For More Information
American Celiac Disease Alliance
2504 Duxbury Place
Alexandria, VA 22308
American Dietetic Association
120 South Riverside Plaza, Suite 2000
Chicago, IL 60606–6995
Celiac Disease Foundation
13251 Ventura Boulevard, #1
Studio City, CA 91604
Celiac Sprue Association/USA Inc.
P.O. Box 31700
Omaha, NE 68131–0700
Phone: 1–877–CSA–4CSA (272–4272)
Children’s Digestive Health and Nutrition Foundation
P.O. Box 6
Flourtown, PA 19031
Gluten Intolerance Group of North America
31214 124th Avenue SE
Auburn, WA 98092–3667
National Foundation for Celiac Awareness
224 South Maple Street
Ambler, PA 19002–0544
North American Society for Pediatric Gastroenterology, Hepatology and Nutrition
P.O. Box 6
Flourtown, PA 19031
The Celiac Disease Awareness Campaign
To meet the need for comprehensive and current information about celiac disease, the National Digestive Diseases Information Clearinghouse (NDDIC), a service of the National Institute of Diabetes and Digestive and Kidney Diseases (NIDDK), launched the Celiac Disease Awareness Campaign. The Awareness Campaign is the result of the combined ideas and efforts of the professional and voluntary organizations that focus on celiac disease, along with the NIDDK, the National Institutes of Health, and the Centers for Disease Control and Prevention.
You may also find additional information about this topic by visiting MedlinePlus at medlineplus.gov.
This publication may contain information about medications. When prepared, this publication included the most current information available. For updates or for questions about any medications, contact the U.S. Food and Drug Administration toll-free at 1–888–INFO–FDA (1–888–463–6332) or visit fda.gov. Consult your doctor for more information.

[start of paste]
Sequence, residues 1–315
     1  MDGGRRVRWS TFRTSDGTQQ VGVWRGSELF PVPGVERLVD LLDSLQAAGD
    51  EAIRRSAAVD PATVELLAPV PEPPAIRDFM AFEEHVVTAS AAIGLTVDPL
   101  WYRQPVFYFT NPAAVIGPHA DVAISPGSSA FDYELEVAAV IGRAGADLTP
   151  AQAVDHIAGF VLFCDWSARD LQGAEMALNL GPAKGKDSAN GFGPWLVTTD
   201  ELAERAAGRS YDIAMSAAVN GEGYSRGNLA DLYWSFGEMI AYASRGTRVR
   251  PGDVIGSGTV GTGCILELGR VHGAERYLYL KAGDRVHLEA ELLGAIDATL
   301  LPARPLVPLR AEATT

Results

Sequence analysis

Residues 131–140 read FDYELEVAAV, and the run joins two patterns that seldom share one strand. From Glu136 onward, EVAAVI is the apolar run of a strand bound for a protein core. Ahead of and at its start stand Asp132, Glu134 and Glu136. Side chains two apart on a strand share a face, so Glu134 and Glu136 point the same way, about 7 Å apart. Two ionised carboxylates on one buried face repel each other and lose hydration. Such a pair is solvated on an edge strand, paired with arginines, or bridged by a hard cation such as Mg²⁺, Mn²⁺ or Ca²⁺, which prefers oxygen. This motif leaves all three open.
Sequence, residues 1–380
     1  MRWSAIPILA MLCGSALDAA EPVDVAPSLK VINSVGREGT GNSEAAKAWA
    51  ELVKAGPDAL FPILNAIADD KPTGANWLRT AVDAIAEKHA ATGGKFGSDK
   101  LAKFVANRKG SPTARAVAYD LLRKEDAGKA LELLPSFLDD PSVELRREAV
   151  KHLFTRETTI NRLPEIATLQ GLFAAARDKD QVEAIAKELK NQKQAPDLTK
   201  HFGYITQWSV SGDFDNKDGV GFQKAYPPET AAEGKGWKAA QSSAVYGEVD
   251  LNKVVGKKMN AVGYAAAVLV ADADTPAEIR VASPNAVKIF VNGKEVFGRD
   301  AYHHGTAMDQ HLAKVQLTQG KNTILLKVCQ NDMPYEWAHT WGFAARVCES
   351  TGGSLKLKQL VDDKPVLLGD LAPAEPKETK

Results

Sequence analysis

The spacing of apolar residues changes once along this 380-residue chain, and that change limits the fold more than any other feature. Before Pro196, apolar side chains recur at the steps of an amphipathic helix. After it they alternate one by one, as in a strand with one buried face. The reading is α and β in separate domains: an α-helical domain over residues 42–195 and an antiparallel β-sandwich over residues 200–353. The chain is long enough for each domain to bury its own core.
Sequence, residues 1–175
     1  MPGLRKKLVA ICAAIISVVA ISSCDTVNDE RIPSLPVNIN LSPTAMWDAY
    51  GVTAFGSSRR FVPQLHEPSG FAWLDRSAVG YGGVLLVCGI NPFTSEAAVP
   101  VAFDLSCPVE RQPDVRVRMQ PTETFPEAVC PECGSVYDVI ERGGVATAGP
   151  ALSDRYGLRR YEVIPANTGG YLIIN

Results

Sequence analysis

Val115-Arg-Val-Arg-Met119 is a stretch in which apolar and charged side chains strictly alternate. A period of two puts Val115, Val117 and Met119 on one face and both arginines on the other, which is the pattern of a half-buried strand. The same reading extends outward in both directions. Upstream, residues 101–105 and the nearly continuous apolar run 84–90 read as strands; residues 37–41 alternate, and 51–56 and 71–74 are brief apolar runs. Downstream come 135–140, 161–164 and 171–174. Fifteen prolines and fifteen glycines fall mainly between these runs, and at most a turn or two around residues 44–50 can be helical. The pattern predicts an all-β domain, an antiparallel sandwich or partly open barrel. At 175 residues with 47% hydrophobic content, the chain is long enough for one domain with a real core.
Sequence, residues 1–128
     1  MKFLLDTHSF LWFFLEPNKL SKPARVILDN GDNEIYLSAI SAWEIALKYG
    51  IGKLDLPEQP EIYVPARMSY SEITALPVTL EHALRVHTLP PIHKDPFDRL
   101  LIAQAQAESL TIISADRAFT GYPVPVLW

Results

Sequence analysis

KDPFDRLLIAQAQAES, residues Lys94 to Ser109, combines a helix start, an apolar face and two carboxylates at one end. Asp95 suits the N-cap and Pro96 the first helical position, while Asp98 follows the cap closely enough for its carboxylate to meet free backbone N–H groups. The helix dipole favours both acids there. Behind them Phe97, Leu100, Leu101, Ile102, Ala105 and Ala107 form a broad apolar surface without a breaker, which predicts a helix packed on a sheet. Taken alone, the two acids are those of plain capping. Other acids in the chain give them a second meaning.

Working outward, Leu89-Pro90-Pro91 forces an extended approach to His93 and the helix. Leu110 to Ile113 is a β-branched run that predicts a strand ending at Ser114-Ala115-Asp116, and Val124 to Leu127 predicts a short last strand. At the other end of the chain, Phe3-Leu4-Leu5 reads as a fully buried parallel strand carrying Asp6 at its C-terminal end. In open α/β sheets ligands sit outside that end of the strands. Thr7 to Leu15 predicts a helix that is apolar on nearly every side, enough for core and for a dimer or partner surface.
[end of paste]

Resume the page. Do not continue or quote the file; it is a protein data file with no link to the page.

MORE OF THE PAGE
National Digestive Diseases Information Clearinghouse
2 Information Way
Bethesda, MD 20892–3570
The National Digestive Diseases Information Clearinghouse (NDDIC) is a service of the National Institute of Diabetes and Digestive and Kidney Diseases (NIDDK). The NIDDK is part of the National Institutes of Health of the U.S. Department of Health and Human Services. Established in 1980, the Clearinghouse provides information about digestive diseases to people with digestive disorders and to their families, health care professionals, and the public. The NDDIC answers inquiries, develops and distributes publications, and works closely with professional and patient organizations and Government agencies to coordinate resources about digestive diseases.
Publications produced by the Clearinghouse are carefully reviewed by both NIDDK scientists and outside experts. This publication was reviewed by Ciaran Kelly, M.D., Beth Israel Deaconess Medical Center; Mitchell Cohen, M.D., Cincinnati, Children’s Hospital Medical Center; Walter Reed Army Medical Center; National Foundation for Celiac Awareness; Celiac Disease Foundation; Celiac Sprue Association/USA, Inc.; and Centers for Disease Control and Prevention staff. The gluten-free diet chart was reviewed by Alice Bast and Nancy Dickens, National Foundation for Celiac Awareness; Cynthia Kupper, R.D., C.D., Gluten Intolerance Group; and Elaine Monarch, Celiac Disease Foundation.
This publication is not copyrighted. The Clearinghouse encourages users of this publication to duplicate and distribute as many copies as desired.
Also called: Celiac sprue, Gluten-sensitive enteropathy, Nontropical sprue
If you have celiac disease and eat foods with gluten, your immune system responds by damaging the small intestine. Gluten is a protein in wheat, rye and barley. It is found mainly in foods but may also be in other products like medicines, vitamins and even the glue on stamps and envelopes.
Celiac disease affects each person differently. Symptoms may occur in the digestive system, or in other parts of the body. One person might have diarrhea and abdominal pain, while another person may be irritable or depressed. Irritability is one of the most common symptoms in children. Some people have no symptoms.
Celiac disease is genetic. Blood tests can help your doctor diagnose the disease. Your doctor may also need to examine a small piece of tissue from your small intestine. Treatment is a diet free of gluten.